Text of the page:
Sea-Based Aviation, a National Naval Responsibility
The maritime role of the naval aircraft is complex, demanding and unique. The ship has a dominant influence on the design of the aircraft. The largest challenge involves the dynamic interface between aircraft and vessel, requiring a high degree of precision maneuvering to land aboard a moving ship deck in adverse weather and wind. The materials must resist a highly corrosive environment, and the structure must be large enough to perform the mission but have the ability to fold into a small footprint for storage in small hangars with just enough room for critical maintenance.
Air vehicles must be multi-mission capable for a diverse set of mission tasks. Announced as a National Naval Responsibility in 2011, sea-based aviation consists of the operation of aircraft to, from and on various platforms. While traditionally considered in terms of operations from aircraft carriers, sea-based aviation can be more broadly associated with several sea-based platforms and concepts to include operations from:
- Large deck ships (e.g., aircraft carriers, landing platform docks, landing helicopter docks) with substantial deck space for extensive large scale air operations
- Small deck ships (e.g., guided-missile destroyers, littoral combat ships, etc.) normally configured to handle only rotary wing aircraft
- Ships without dedicated takeoff/landing platforms for manned aircraft, such as ships that could support the launch of unmanned aerial vehicles (UAVs) by catapults/launch tubes/naval guns, etc.
- Self-deployed sea-based aircraft concepts (e.g., seaplanes, flying boats, win-in-ground effect aircraft, submersible aircraft concepts and other hybrid air/sea concepts)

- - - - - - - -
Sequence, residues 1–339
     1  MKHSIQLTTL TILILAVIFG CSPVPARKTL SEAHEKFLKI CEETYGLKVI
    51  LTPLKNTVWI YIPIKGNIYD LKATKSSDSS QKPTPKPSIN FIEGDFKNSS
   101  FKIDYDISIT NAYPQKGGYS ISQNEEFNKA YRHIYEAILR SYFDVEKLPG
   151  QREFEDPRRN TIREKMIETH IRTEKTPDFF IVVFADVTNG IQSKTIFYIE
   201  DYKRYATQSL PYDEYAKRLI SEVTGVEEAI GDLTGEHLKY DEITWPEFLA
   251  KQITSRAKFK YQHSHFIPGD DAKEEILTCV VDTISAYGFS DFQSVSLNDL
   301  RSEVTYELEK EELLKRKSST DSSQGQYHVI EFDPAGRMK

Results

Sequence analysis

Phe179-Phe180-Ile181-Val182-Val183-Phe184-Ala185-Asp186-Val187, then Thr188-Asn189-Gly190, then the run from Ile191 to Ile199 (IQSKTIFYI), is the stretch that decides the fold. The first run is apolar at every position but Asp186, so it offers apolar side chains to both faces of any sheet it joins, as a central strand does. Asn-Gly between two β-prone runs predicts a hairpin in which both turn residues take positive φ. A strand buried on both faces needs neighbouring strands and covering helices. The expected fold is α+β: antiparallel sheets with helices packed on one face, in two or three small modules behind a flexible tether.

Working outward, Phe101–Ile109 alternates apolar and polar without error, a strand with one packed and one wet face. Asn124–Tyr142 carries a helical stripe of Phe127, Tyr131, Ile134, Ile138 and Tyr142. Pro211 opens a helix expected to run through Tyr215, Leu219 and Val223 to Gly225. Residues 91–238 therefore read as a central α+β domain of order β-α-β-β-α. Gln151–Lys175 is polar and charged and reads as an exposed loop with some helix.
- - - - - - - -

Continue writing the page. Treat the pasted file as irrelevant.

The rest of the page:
- Other sea-based platforms (e.g., submarines, submersible and semi-submersible platforms or unmanned vehicles, mobile offshore base concepts, buoys with air vehicle components and unmanned sea based platforms)
Technical Focus Areas
Obstacles to traditional sea-based aviation have been broadly categorized into the following focus areas:
- Propulsion: Inlets and nozzles, turbomachinery, secondary flow components, small engines, environmental interactions, impact loading tolerance and rotordynamics, and thermal management
- Structures: High-loading/light-weight, composite repair, material coatings, corrosion, structural life models
- Aircraft Research: Aerodynamic design, recovery systems, autonomous deck operations, airborne autonomy, relative navigation, air wake interaction
Additional challenges associated with nontraditional sea-based aviation include: UAV launch and recovery, autonomy, high tempo operations; UAV operations from non-aviation ships; and submersible aircraft, hybrid aircraft, powered parafoils, airships, and reconfigurable aircraft operations and maintenance.
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